She was not as well known as, say, Betty Friedan, Gloria Steinem or Bella Abzug, but within the women's movement Tish Sommers had a very special place: she, along with longtime associate Laurie Shields, put the problems of older women -- women who were often left helpless and destitute by widowhood and divorce -- into the conscience of a nation.

It was Sommers who coined the term "displaced homemaker," and drove the point home to state legislators and finally to members of Congress that the women she spoke for could very well be the lawmakers' own mothers. Recognition of the plight of older women was one of the women's movement success stories in the '70s. California, Sommers' home state, was the first to pass legislation to provide job training for these women. Within two years 23 other states had passed similar legislation, setting up more than 400 training programs and counseling centers across the country. In 1975, Sommers founded the Alliance for Displaced Homemakers, which was instrumental in securing federal funding for such programs in 1979.

Sommers, 71, who died last week after a long battle with cancer, had the remarkable discipline to be able to translate personal adversity into effective political organizing. When her marriage of more than 20 years ended in divorce in 1971, she experienced firsthand many of the problems that confront a divorced or widowed homemaker. She lost her health insurance and could not get a new carrier because she had a history of cancer, for example.

"I was 57," she told Ms. magazine in a 1982 interview, "and I had already had my first feminist 'clicks,' but despite the fact that I thought my consciousness was raised, I was totally naive about what happens to a divorced woman without health care or Social Security benefits.

"I didn't set out to create a movement, but I'm not surprised it became one. We knew from the first time I went on national television that we had touched a nerve. Thousands of letters came in saying, 'I thought I was alone.' "

One of those who came to an early organizing meeting for displaced homemakers was Laurie Shields, then 55 and a widow after 15 years of marriage. She became the executive director of the alliance. In 1980, shortly after a conference in Des Moines to prepare for the 1981 White House Conference on Aging, the two women founded the Older Women's League (OWL). As a result of their efforts, the 1981 conference was the first one ever to single out problems peculiar to older women on its agenda.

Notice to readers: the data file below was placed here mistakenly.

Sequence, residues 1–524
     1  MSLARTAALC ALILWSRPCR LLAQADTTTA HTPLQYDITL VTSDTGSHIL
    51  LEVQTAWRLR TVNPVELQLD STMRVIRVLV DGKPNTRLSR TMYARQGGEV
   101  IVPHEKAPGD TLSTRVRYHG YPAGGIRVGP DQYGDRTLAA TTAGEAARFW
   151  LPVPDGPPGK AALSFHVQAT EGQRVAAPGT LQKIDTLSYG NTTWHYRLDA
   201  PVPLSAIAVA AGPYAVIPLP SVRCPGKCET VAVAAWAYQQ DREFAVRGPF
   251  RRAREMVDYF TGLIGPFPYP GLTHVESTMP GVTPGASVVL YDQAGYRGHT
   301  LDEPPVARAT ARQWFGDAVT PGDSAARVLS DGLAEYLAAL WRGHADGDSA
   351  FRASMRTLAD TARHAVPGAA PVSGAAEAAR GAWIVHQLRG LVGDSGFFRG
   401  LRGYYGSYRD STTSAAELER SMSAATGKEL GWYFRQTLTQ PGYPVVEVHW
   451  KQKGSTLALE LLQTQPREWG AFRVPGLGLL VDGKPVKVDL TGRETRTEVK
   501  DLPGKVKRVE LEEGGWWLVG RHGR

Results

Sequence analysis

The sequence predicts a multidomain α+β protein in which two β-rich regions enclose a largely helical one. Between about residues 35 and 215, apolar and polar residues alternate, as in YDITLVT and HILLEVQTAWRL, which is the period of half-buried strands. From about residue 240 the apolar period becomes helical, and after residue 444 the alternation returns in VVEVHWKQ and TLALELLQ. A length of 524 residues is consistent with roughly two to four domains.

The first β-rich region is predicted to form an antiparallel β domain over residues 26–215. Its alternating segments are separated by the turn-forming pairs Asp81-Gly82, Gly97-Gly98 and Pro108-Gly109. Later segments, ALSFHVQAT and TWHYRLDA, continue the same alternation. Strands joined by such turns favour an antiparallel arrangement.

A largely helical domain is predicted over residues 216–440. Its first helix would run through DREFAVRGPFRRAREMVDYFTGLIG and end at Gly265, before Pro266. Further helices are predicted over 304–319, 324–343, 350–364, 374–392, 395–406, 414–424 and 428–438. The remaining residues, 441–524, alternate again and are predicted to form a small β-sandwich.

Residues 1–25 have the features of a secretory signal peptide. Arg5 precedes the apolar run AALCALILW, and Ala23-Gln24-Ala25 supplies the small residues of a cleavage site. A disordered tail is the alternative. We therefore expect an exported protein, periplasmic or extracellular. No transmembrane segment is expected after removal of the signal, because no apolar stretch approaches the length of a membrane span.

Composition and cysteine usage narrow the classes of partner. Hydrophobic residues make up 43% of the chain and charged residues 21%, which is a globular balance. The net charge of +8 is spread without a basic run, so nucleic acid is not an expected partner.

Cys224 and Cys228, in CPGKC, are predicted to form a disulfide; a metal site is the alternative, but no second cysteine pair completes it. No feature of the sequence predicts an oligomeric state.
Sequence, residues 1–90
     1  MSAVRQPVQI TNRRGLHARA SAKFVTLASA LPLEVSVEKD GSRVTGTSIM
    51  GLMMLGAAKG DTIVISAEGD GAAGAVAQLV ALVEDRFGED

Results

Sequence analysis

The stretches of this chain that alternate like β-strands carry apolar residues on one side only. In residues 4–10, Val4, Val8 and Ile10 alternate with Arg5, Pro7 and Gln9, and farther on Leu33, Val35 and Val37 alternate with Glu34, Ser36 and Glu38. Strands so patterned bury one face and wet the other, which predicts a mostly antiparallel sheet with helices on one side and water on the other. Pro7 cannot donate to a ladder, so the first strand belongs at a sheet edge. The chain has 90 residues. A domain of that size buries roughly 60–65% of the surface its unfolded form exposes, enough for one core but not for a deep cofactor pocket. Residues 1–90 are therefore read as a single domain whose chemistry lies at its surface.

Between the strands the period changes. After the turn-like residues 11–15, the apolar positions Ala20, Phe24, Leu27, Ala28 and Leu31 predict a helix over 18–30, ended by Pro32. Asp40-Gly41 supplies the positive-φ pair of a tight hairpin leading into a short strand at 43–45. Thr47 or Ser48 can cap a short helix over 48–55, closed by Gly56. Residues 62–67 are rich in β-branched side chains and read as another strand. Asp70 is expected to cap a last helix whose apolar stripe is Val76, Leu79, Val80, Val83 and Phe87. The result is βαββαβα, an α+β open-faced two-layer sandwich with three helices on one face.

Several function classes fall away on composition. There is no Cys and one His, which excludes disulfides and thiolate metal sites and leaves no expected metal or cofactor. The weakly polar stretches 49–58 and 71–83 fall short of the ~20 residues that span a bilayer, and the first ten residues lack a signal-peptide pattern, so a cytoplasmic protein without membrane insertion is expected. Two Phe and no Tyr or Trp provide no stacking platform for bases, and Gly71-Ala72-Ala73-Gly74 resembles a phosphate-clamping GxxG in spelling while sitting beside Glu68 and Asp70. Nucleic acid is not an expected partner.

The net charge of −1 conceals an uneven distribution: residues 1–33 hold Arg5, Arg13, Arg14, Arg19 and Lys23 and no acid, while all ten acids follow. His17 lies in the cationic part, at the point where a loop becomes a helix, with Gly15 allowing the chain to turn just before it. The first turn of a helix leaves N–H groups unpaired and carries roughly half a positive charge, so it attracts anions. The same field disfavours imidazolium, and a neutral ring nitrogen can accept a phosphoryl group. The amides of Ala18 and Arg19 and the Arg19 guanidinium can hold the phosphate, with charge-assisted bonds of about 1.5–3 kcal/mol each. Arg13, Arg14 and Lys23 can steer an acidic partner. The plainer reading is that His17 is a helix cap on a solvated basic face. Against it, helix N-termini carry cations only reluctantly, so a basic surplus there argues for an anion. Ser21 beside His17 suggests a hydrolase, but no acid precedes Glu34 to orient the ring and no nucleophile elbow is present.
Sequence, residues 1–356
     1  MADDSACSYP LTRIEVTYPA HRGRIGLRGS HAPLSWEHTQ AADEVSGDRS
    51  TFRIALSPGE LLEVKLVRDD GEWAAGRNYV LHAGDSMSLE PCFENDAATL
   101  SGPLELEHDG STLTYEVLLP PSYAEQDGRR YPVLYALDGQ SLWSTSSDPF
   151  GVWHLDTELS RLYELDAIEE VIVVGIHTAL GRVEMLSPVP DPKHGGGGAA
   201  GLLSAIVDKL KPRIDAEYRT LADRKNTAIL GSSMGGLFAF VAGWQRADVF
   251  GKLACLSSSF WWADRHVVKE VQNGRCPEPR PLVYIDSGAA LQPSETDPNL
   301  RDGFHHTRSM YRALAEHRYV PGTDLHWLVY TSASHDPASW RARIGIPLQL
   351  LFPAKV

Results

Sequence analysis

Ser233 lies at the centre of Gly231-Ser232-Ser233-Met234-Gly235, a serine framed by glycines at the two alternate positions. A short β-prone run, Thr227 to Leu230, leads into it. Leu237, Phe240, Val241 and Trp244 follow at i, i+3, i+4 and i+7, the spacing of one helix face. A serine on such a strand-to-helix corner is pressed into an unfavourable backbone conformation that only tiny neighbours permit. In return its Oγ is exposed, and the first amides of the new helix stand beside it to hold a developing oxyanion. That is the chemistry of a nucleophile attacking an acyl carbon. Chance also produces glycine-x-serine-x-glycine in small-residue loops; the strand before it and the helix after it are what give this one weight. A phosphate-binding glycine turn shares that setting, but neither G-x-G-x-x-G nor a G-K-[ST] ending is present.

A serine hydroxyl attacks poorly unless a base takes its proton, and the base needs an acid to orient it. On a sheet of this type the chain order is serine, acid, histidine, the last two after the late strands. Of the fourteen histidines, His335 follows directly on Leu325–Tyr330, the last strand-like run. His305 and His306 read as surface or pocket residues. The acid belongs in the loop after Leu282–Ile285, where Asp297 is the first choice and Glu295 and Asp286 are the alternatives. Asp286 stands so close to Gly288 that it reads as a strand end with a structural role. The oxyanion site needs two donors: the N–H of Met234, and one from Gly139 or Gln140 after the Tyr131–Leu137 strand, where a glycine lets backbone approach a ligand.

"She's one of my heroines," said Rep. Mary Rose Oakar (D-Ohio), a member of the Select Committee on Aging who knew and worked with Sommers for many years. "She did more than anyone I know of to call attention to the plight of elderly women who had been somewhat ignored in the whole feminist concept." Two-thirds of the elderly in the United States are women, and the country's poorest are women over 65, Oakar said.

She recalled Sommers coming into her office several years ago and meeting with her and Rep. Patricia Schroeder (D-Colo.), cochair of the Congressional Caucus for Women's Issues. "She was the one who first embraced as an issue . . . the inequities towards women in the Social Security plan. OWL now has as its number one priority correcting the inequities. She just came in and said, 'By heaven, I want to know more about this because I don't understand it.' As soon as I explained it, she said, 'That makes sense, we're going to do something about this.' Now, when I go around and talk about it, people know about it. She's raised the consciousness about older women's issues nationally and certainly in the Congress."

Oakar recalled the lobbying campaign OWL conducted last Mother's Day, when older women brought cards to members of Congress who were considering taking away Social Security cost of living adjustments. "It did not hurt . . . . At that time people weren't as frightened about what Reagan would do as they should have been. There was a momentum here to take away the cost-of-living adjustment even though the trust fund was burgeoning. They were the ones who gave us the figure that 400,000 more people would be below the poverty level.

"She came across as nonconfrontational but firm and very warm so that you didn't feel threatened when she talked to you. She had a very keen mind and she was a marvelous person at hearings. When I want to push some of my legislation I can say the OWL endorses it and I will not get any negative reaction. It's like motherhood, apple pie and fatherhood.

"She was a national treasure. She will be sorely missed."

Indeed she will be. But what a legacy she left.